During the Victorian era, Ouija sessions were often conducted at mid-day teas. The popular interest prompted the Psychical Research Society to conduct studies on the Ouija. In 1914, William Barrett, a representative of the Society, reported the belief that the Ouija exhibited “super-normal” results attributed to noncorporeal spirits.
The Ouija has helped shaped modern metaphysical thought. Jane Roberts used it in 1973 to contact the entity known as Seth, whom she later channeled directly. Her “Seth” books were foundational documents for the popular interest in channeling spirits, which still continues.
Today’s Ouija Board
The modern Ouija consists of a pointer called a “planchette,” which glides over a board labeled with the letters of the alphabet, the words “yes” and “no” and sometimes the phrase good-bye. Enquirers wishing to contact and question a spirit place their fingers lightly on the planchette and voice their question. At this moment, if a spirit has been contacted, the planchette begins moving−seemingly on its own. The planchette stops indicating individual letters, in a sequence that spells out the spirit’s response.
The “game” that developed from this serious method of spiritual communication has tainted the reputation of Ouija. The game lacks safeguards: because of this, it is not a good system for determining ghostly presences and their stories. People who use Ouija as a game can never be wholly certain whether they have contacted the desired entity, contacted some other entity, or simply received information manipulated by the person using the planchette.
Ouija Warnings and Safeguards
- Always begin a Ouija session with some type of protective prayer or meditation.
- Work the board only with trusted friends.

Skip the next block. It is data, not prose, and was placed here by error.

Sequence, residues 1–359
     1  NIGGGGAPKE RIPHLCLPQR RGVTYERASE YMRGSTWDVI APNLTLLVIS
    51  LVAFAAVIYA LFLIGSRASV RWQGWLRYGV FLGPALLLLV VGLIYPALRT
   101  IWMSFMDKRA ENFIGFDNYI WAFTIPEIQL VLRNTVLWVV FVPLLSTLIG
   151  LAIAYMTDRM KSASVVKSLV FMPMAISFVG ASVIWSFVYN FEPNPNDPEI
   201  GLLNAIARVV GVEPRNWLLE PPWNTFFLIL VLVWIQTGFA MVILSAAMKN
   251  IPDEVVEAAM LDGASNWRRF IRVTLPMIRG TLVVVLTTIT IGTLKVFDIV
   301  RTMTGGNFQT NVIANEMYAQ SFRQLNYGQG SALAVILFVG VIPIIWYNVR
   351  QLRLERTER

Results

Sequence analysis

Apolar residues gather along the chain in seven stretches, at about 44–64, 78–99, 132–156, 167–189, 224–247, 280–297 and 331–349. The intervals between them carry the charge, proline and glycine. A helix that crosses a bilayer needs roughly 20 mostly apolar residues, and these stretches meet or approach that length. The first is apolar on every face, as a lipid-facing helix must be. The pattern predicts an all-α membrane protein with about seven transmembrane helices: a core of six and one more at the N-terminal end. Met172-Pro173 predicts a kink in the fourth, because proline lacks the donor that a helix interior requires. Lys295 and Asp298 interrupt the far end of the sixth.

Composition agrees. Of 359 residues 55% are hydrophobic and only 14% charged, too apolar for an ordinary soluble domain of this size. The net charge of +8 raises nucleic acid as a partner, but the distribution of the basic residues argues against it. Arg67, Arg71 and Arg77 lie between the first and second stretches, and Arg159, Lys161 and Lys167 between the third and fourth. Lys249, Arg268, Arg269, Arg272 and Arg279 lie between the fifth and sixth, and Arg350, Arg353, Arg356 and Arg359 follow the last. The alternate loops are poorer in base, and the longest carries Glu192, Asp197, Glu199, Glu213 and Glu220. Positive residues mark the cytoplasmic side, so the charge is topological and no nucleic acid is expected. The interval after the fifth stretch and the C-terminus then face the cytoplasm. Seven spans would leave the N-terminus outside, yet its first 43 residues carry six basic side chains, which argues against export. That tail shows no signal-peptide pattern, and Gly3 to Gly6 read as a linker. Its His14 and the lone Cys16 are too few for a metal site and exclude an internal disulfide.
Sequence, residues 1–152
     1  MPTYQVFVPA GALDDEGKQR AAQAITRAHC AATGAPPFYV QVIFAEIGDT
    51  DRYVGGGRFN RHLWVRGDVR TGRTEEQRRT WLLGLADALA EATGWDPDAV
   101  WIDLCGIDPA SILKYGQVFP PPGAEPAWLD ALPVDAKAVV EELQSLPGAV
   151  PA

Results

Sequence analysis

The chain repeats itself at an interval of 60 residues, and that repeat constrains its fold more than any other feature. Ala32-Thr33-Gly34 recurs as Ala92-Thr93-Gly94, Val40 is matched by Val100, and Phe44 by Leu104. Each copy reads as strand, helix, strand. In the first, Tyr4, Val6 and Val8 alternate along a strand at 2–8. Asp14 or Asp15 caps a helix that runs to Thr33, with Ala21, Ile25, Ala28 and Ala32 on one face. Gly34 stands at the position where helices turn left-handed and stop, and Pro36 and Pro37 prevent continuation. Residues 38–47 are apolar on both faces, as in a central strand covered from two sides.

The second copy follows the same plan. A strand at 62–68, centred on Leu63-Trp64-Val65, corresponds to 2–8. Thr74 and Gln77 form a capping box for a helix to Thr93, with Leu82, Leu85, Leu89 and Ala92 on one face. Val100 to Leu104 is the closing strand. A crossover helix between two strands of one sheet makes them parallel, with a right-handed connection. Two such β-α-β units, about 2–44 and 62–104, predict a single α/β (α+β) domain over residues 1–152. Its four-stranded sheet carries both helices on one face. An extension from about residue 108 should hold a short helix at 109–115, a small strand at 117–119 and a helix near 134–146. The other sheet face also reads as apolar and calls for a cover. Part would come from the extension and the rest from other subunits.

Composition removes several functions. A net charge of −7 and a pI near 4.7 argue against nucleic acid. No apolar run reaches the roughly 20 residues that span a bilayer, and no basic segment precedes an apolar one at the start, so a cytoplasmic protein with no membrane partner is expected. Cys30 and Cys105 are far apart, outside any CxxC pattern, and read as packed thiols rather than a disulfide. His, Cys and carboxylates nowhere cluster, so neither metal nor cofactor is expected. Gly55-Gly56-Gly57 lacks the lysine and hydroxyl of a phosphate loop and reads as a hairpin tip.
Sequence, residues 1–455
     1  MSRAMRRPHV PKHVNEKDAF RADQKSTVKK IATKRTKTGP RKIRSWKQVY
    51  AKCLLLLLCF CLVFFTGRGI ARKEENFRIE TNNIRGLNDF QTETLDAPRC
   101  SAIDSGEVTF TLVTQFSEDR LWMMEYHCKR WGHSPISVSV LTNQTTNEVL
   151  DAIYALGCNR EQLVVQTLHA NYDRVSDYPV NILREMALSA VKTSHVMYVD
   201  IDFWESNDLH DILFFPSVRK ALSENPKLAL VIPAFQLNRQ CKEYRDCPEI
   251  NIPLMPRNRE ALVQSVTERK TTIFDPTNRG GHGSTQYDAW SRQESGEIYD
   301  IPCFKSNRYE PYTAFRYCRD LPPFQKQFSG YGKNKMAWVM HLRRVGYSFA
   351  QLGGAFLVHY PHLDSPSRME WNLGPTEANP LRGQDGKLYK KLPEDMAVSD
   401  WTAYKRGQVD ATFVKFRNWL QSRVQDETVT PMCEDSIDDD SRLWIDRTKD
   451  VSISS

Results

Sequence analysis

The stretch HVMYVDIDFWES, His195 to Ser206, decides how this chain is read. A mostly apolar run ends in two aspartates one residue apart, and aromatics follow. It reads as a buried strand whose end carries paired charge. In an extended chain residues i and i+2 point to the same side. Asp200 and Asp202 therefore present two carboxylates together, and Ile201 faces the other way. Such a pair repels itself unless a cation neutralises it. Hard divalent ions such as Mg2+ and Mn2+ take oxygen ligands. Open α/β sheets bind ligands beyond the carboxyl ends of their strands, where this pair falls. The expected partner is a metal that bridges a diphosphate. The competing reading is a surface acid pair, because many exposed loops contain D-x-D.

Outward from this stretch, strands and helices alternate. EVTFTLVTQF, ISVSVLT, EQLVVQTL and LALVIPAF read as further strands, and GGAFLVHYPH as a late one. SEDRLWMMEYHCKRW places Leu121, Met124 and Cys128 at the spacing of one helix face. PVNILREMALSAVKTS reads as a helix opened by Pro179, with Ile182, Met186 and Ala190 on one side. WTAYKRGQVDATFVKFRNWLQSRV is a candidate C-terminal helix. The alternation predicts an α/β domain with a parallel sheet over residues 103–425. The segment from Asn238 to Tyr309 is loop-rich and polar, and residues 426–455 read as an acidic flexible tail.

- Have the name of the spirit you wish to contact and question ready.
- Never use another person’s family heirloom board.
- Use simple, direct questions (preferably yes or no).
- When a spirit says good-by it means NOW.
- Stop using the board the minute you receive any intimidating messages.
- Never use it as a toy for amusement.
Channeling and Mediumship
Mediumship, recently called “channeling;’ has a rich history. In the Biblical book of Samuel, Saul consults a medium−the Witch of Endor, who summons a spirit that answers Saul’s questions. In pre-Buddhist Japan, inspired mediums were called upon to ask questions of supernatural beings whose answers decided important matters for entire communities. The Oracle of Delphi in classical Greece housed a medium who spoke the words of Apollo in a trance state. So highly regarded were her skills that she was able to charge the ancient equivalent of millions of dollars for a single visit.
In Norse tradition, the prophetess was called Velda, Spakona (‘woman of prophecy’) or Volva (‘seeress’). During the rite of mediumship, the Velda sat on an elevated seat, called a seiohjallr, similar to the Delphic seat. Around it, singers chanted the required spells for augury. The Norse believed that singing and chanting attracted the spirits, who would then be consulted.
Then and Now
As with all metaphysical procedures, mediumship’s popularity waxes and wanes according to the public’s acceptance. At the turn of this century, mediumship was extraordinarily popular. A lot of that interest remains today. In a 1990 Gallup Poll, eleven percent of American adults indicated that they believed channeling had some validity.
The Mediumship Process
[wisew_rectangle_large align=”left”]Most mediums follow the same basic procedures: